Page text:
Monday, October 12, 2020

Fix for Tseng ET3000AX SVGA card displaying monochrome

This is a Micro-Labs VGA Solution, an ISA super VGA card based on the Tseng Labs ET3000AX. It seems to be a reference design because other brands of cards also exist with the same board layout. It displayed in monochrome on the SVGA monitor.

At first I thought the switches on the back were set incorrectly. They tell the board what kind of monitor is connected and whether it's primary or secondary. They're documented here, but basically they all need to be off. That tells it a that it's the primary card, a "multisync analog monitor" is connected, and a secondary monochrome card may or may not be present. Up, away from the circuit board, is off.

The switches seemed to make no difference. So, I thought the board was broken. But no, the VGA connector standard changed. Those switches only talk about colour and monochrome regarding TTL monitors, using the DB9 connector. The VGA monitor is detected via monitor ID bits according to the old VGA connector standard. The current standard doesn't include those and instead uses an EEPROM providing information about the monitor. It seems that based on what the board detects on those ID bits, it can go into monochrome mode. All the palette entries get transformed via gray-scale summing, making everything black and white. This even happens if you try to set the palette via int 10h.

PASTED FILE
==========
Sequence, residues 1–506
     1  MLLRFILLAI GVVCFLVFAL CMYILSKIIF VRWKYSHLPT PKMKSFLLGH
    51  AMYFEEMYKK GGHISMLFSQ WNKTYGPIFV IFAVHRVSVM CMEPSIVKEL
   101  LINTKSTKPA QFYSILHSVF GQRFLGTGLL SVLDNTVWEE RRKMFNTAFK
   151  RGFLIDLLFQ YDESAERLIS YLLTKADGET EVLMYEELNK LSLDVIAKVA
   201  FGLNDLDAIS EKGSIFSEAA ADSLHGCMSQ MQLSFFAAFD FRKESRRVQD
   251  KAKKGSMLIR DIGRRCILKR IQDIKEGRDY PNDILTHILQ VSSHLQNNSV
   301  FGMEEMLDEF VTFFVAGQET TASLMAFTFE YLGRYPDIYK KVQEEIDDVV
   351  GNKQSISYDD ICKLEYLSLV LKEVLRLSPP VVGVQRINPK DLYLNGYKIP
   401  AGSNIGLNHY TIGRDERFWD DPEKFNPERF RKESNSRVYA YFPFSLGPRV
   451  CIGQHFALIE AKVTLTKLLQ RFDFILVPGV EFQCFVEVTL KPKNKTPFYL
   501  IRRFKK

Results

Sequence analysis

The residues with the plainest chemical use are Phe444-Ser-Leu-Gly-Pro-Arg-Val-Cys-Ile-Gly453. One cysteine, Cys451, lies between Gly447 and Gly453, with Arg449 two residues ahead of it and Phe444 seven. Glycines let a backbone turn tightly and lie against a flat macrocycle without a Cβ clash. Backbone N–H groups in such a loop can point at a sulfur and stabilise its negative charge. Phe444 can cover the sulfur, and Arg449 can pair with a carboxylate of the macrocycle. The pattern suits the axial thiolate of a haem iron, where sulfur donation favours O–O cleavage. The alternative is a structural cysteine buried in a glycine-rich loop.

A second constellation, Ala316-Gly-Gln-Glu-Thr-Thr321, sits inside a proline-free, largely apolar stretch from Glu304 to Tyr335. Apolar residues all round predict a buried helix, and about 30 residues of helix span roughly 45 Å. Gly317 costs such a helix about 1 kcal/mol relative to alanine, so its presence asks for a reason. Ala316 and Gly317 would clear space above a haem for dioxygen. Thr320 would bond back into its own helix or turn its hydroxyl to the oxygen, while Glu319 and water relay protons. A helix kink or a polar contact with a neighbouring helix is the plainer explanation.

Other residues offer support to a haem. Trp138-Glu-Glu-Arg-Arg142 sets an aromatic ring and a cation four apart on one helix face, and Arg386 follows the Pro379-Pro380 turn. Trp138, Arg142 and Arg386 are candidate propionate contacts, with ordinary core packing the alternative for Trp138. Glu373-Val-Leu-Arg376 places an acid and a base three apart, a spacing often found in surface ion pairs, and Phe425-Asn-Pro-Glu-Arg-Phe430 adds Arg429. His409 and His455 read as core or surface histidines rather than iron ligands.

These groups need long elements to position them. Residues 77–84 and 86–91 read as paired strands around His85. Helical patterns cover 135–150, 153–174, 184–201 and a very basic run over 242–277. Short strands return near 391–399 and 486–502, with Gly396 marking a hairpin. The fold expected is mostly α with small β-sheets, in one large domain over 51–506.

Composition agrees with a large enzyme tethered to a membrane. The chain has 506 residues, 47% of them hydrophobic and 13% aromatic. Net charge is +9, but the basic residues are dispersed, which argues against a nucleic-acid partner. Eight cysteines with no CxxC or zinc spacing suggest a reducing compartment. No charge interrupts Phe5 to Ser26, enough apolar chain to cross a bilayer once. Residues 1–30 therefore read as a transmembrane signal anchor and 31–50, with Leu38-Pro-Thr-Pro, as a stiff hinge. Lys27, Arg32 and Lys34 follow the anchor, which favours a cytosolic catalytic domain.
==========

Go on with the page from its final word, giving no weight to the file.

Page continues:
A software solution is, which uses int 10h functions to switch the card to colour mode from DOS. Another solution is to boot with the monitor disconnected. This doesn't only mean power-on, but also if you reboot via the reset button or control-alt-delete. I opted for a hardware solution, cutting the circuit board trace between those connector pins and the rest of the card:

One last thing. The old VGA connector standard has a key at pin 9, meaning no pin there in the male and no hole there in the female. Now that is +5 V DC supplied to the monitor for the identification EEPROM. You might want to drill a hole there in the connector to avoid breaking pins on more modern VGA connectors.

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